Classic New Years Black Eyed Peas Recipe: Hoppin' John

black eyed peas for hoppin' john
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The classic black eyed peas recipe for a lucky New Year is hoppin’ John. Traditionally eaten on the first day of the year, this healthful southern stew is thought to bring luck and prosperity. Even if it doesn’t, classic hoppin’ John is a healthy way to start 2011.

For a traditional southern New Year’s feast, serve your hoppin’ John with a side of collard greens and buttery cornbread. Happy New Year!

This recipe features easy-to-buy ingredients and subs out the traditional ham hock for bacon. If you can find a ham hock, by all means use that instead. Or, for a richer stew, use both!

Classic Hoppin’ John Recipe (adapted from The Lee Brothers Southern Cookbook by Matt and Ted Lee)

1 cup dried black-eyed peas (or 2 cans)
1/4 lb. high-quality bacon (or small ham hock)
6 cups chicken broth
14 oz. can crushed tomatoes
1 1/2 cups rice
1 yellow onion, chopped
1 teaspoon fresh-ground black pepper
1 teaspoon kosher salt
1 teaspoon red pepper flakes

Rinse and sort through the peas. Fill a medium bowl with cold water and soak the beans for 4 hours. If using canned beans, omit this step.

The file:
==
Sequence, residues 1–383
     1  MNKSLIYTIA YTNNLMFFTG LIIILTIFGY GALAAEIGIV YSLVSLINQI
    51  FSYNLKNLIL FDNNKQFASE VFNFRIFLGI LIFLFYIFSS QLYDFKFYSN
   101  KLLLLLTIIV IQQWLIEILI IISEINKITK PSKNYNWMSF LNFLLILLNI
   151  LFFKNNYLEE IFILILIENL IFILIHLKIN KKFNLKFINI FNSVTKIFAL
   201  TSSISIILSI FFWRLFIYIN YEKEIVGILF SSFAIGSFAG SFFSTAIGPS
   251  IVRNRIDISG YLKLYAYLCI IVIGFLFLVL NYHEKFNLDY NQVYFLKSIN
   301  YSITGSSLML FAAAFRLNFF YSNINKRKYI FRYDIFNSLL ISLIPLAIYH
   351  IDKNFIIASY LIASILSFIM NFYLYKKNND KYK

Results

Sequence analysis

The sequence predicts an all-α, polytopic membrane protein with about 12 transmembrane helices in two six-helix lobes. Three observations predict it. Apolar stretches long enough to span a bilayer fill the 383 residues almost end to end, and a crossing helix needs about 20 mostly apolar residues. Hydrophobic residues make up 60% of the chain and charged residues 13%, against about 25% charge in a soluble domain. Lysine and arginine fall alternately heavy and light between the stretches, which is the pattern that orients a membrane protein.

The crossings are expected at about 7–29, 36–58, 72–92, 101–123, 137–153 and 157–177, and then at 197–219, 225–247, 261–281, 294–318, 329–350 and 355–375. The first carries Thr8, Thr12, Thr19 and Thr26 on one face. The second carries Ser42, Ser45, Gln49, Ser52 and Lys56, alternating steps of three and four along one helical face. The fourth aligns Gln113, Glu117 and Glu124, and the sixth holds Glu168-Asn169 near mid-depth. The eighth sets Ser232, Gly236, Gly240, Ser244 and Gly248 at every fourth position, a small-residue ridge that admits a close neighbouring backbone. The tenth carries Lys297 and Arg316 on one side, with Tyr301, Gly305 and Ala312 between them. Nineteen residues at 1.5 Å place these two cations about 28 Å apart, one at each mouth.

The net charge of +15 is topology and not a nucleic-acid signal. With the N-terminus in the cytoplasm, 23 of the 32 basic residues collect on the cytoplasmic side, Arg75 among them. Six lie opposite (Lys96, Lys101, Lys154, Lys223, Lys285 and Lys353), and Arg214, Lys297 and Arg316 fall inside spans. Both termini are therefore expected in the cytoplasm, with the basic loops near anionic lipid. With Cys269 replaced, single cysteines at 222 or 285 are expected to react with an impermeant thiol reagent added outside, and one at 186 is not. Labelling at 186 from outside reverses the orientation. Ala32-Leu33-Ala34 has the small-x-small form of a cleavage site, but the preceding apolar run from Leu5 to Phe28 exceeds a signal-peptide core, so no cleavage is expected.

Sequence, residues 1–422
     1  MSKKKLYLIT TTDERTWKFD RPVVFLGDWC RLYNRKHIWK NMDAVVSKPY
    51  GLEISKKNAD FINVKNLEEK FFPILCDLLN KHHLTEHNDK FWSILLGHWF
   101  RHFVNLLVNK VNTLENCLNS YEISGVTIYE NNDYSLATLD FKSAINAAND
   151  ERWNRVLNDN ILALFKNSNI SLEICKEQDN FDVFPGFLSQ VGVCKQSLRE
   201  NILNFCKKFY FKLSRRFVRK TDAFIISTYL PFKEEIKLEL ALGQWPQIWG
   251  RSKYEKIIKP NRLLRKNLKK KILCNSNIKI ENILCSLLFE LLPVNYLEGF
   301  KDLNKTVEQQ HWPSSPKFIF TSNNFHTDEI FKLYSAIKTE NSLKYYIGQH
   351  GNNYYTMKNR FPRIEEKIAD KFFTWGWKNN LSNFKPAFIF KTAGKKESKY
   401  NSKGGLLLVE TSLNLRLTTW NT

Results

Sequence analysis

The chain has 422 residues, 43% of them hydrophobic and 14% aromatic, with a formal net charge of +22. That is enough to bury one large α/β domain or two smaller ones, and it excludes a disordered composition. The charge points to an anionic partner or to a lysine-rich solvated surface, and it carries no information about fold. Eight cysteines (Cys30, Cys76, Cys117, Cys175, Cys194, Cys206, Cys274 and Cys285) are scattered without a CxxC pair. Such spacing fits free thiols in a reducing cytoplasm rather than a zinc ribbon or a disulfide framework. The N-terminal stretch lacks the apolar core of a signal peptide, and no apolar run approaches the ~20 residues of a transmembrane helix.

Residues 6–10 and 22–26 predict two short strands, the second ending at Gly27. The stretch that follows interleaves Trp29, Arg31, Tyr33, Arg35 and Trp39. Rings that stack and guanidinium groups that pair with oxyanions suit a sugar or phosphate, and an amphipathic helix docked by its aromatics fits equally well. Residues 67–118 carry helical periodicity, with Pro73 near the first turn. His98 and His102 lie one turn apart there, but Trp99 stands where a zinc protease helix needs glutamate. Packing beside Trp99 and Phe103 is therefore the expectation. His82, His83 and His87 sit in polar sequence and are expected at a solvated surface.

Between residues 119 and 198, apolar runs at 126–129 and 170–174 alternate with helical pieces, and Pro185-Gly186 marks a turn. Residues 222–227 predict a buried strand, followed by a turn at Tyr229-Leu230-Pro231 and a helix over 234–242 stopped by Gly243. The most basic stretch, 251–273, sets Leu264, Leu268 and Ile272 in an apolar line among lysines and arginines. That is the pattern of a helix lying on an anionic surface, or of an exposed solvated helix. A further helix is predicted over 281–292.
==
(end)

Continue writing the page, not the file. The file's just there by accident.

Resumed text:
In a large dutch oven, cook the bacon over medium-high heat for 5 minutes until the bacon is slightly crisp and has released the fat. If using a ham hock, heat 1 tablespoon olive oil over medium-high heat and brown the ham hock on all sides. Feel free to use the ham hock and the bacon for a richer stew.

Add the onion and cook for another 5 minutes until soft and translucent. Then add the broth, ground pepper, pepper flakes and salt, and bring the mixture to a boil.

Let the mixture boil for 10 minutes. Drain the peas, add them to the stew and cook over medium-high heat for 25 minutes, or until the peas are tender but not mushy. For canned peas I would cut the cooking time to 10 – 15 minutes–you want the peas to absorb the flavors without getting overcooked. Add the tomatoes and rice, and cook, covered, over low heat for 20 minutes, until almost all of the liquid has been absorbed.

Remove the stew from heat and let it sit covered for another five minutes, or until most of the liquid ha been absorbed. Gently stir the mixture and serve–preferably with a side of garlicky sauteed greens and a big hunk of corn bread.

Article Posted 6 years Ago

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